Sherrod Brown at Odds with Other Democratic Candidates on Medicare

Sherrod Brown

This post was last updated on February 27th, 2019 at 08:37 am

While the United States is heading towards the 59th quadrennial presidential elections, members of both Republican and Democratic Party are striving to bring in a reform that would win hearts of all the Americans. In one such move on Sunday, Senator Sherrod Brown (D-Ohio), a potential presidential candidate, demanded an expansion in Medicare for people over 50 years.

Brown’s push for “Medicare at 50” came in contradiction to “Medicare for all”, which is a popular preference of most Democratic nominees for 2020 elections. However, the Ohio Senator believes that the universal government coverage isn’t practical.

On CNN’s “State of the Union” on February 17, Brown said that he wishes to “help people now”. As per the reports, the proposal would generate a voluntary buy-in to Medicare for people who are 50-years-old or above.

Brown said he wished “to expand Medicare to 50”. He was positive as he added that if enough people support his scheme, it would witness an influx of many people, including those at the age of 58 and 62 and have lost their jobs or insurance.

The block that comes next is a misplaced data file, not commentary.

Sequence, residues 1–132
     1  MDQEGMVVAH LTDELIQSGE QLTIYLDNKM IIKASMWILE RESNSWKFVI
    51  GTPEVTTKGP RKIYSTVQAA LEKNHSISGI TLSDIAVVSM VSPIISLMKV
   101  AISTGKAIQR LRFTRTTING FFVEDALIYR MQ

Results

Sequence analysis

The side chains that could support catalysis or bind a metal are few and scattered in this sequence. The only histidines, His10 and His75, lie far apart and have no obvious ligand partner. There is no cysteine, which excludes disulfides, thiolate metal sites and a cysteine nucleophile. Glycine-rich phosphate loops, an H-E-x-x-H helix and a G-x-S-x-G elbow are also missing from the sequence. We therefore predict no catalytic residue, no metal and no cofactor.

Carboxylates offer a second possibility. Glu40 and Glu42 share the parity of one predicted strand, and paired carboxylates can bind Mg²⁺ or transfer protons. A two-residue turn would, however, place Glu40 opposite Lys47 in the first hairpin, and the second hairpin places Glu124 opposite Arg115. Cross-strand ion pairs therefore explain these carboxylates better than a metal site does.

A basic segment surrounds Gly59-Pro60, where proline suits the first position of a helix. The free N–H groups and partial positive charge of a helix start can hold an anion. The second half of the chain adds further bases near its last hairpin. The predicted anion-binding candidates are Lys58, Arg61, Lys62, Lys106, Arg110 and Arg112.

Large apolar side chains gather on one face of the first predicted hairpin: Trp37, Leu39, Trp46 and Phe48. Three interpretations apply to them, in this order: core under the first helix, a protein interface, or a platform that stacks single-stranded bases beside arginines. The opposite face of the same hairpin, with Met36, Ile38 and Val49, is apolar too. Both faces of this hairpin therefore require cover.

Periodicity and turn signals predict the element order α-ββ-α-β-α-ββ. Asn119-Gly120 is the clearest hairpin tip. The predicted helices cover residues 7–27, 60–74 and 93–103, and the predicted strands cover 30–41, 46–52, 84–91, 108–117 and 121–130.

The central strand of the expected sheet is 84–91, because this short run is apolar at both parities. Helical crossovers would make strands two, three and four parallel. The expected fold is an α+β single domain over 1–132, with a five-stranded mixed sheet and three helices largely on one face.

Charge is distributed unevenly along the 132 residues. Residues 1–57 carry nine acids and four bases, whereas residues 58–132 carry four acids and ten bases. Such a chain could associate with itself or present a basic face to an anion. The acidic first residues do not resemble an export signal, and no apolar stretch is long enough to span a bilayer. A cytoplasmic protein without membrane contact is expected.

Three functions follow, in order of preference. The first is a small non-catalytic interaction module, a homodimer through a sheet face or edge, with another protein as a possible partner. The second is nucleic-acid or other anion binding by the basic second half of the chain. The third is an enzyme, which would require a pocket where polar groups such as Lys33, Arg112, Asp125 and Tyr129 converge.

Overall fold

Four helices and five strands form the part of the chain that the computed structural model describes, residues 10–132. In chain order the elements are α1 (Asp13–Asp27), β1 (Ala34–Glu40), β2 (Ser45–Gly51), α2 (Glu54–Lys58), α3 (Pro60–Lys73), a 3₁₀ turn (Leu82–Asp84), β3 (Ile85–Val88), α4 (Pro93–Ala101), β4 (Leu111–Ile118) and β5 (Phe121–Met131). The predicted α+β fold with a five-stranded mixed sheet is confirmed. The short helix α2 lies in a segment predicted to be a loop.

He expressed optimism over the success of his plan, and said that with time it would broaden covering many more Americans.

On the other hand, several other prominent Democratic Senators, who are running or considering to bid for presidential nomination, have stood in support of “Medicare for all”. These include, Kamala Harris (D-Calif.), Kirsten Gillibrand (D-N.Y.), Elizabeth Warren (D-Mass.), Bernie Sanders (I-Vt.) and Cory Booker (D-N.J.).

However, Brown considers that the scheme is difficult and suggested that it would hinder his goal of helping people now.
“I think that’s difficult,” Brown said. “I want to help people now. That’s why you do Medicare at 50.”

As far as people under 50 years old are considered, Brown pushed to fix what he considers as problems with the Affordable Care Act. He reiterated his thoughts of helping people, stating that it doesn’t mean repealing ObamaCare. He rather meant building on the Act and ensuring to fix the consumer protections for pre-existing conditions.

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